Now to those who excessively focus on caregiving for others at the expense of tending to their own needs, then I recommend therapy to stay more in balance.  Anything in excess is not a healthy coping skill and more often than not, it is more about avoidance of dealing with one's problems then selflessly  helping others.  Also, there are times when the depression is just too dark and deep to enact these concepts; for those who struggle on that level, reach out for help from a qualified psychologist or psychiatrist who can empower you to return to a place of strength where you can give.

Today, I offer to you a Sanskrit/ Buddhist mantra which can be sung, 'Shanti, Shanti, Shanti' which means peace to mind, body, and soul.  This morning I'm walking the walk, interrupting the 'business' to give to others because after all, I'm hoping the universe will also commune back to me and present me with happiness today.  Let's see together how this goes.    


Dr. Z



How Do I Know If I’m Depressed?

Of course, you know if you’re physically hurt, such as if you have a headache or you fracture a toe. But sometimes it’s less easy to tell whether you may be having behavioral health issues such as depression.

At this point in time, the best tool we have to diagnose depression comes from the Diagnostic and Statistical Manual of Mental Disorders, commonly known as DSM-V, now in its fifth edition. The diagnostic criteria in the DSM-V is based on research by psychiatrists, psychologists, and other mental health professionals.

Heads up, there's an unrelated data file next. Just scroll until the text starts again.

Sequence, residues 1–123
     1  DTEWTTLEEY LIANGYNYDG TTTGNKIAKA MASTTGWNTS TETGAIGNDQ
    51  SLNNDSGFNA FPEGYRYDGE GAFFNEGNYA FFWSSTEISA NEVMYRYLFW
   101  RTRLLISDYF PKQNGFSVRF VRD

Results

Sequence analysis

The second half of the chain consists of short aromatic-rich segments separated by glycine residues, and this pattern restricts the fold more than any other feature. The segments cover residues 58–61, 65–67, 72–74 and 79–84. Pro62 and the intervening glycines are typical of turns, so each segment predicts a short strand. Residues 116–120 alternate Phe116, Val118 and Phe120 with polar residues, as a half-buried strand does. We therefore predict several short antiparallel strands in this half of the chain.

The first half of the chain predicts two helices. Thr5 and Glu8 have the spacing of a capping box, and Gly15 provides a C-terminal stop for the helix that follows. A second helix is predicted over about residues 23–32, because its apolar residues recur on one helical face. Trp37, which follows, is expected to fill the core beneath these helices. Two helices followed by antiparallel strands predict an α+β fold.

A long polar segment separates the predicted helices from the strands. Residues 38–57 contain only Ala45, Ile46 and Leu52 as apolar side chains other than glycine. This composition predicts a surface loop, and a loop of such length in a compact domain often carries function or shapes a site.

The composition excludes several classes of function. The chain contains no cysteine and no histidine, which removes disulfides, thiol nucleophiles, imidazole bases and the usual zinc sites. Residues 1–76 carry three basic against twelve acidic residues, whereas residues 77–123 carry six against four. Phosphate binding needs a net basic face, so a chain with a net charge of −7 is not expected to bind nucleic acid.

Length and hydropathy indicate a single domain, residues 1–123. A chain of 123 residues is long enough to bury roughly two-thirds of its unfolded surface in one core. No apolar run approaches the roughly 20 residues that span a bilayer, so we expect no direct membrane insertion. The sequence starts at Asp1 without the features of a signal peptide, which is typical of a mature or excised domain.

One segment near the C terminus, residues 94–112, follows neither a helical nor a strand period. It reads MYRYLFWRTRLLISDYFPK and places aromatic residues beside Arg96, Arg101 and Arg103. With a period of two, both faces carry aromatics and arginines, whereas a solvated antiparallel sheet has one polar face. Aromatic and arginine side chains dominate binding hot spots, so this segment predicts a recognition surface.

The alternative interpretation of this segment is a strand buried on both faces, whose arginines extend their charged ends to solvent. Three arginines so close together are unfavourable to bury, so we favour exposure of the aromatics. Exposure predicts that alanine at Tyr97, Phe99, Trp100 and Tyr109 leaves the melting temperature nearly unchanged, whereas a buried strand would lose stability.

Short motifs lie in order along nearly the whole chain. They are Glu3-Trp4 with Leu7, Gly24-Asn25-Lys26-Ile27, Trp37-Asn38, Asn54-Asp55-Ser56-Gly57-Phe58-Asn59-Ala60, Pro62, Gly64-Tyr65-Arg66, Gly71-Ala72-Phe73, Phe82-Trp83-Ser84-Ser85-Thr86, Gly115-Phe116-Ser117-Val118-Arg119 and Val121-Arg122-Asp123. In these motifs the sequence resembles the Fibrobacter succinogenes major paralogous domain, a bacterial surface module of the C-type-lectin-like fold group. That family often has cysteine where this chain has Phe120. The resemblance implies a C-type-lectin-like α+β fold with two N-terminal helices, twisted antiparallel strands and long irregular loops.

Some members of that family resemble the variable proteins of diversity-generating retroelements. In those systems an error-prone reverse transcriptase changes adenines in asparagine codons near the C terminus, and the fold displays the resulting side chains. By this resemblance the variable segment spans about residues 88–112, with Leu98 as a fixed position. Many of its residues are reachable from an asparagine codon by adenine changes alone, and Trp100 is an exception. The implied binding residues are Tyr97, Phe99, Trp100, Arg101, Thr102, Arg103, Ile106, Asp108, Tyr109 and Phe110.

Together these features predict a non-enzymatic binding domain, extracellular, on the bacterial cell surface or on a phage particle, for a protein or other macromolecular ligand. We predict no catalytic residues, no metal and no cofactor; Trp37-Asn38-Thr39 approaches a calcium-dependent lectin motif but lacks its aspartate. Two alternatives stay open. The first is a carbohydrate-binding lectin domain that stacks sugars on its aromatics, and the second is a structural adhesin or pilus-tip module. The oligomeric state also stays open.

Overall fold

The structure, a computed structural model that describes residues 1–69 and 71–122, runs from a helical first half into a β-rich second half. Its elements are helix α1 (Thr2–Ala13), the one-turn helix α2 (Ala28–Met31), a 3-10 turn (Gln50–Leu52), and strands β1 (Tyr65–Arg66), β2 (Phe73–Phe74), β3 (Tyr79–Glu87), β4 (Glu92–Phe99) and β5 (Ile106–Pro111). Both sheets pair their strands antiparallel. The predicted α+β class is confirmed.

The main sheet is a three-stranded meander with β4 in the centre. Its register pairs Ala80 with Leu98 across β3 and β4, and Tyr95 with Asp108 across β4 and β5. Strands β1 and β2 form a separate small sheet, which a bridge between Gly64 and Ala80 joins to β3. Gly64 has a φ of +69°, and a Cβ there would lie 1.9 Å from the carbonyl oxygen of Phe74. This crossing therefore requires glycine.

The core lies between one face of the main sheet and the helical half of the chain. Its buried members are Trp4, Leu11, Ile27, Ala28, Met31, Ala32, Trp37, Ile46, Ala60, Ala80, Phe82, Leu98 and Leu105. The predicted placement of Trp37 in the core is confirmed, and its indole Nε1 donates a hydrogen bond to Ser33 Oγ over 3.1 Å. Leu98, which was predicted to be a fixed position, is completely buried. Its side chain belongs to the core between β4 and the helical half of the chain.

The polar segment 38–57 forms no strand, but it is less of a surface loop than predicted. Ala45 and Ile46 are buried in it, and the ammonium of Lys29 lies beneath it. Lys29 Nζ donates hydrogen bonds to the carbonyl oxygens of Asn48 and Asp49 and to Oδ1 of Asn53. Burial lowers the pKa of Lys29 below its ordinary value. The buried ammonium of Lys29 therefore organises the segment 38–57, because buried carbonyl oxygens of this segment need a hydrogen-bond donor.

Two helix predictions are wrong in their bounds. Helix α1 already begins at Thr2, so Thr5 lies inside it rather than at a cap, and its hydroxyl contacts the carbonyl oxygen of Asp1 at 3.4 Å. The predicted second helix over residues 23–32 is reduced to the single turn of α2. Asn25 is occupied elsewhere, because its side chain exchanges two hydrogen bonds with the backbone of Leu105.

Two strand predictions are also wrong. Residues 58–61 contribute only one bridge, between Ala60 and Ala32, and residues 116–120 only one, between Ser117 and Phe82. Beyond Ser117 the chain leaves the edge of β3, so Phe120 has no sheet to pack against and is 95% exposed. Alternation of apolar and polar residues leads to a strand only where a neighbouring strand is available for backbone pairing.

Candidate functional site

Symptoms of Clinical Depression

The DSM-V indicates a diagnosis of depression if five or more of these symptoms have been present over a consecutive two-week period and represent a change from previous functioning; at least one of the symptoms is either (1) depressed mood or (2) loss of interest or pleasure:

  • Depressed mood most of the day, nearly every day
  • Markedly diminished interest or pleasure in all or almost all activities most of the day, nearly every day
  • Significant weight loss when not dieting or a decrease or increase in appetite nearly every day
  • Difficulty sleeping or sleeping too much nearly every day
  • Noticeably physically agitated or slowed down, as observed by others nearly every day
  • Fatigue or loss of energy nearly every day
  • Feelings of worthlessness or excessive or inappropriate guilt nearly every day
  • Diminished ability to concentrate or make decisions nearly every day
  • Recurrent thoughts of death or suicide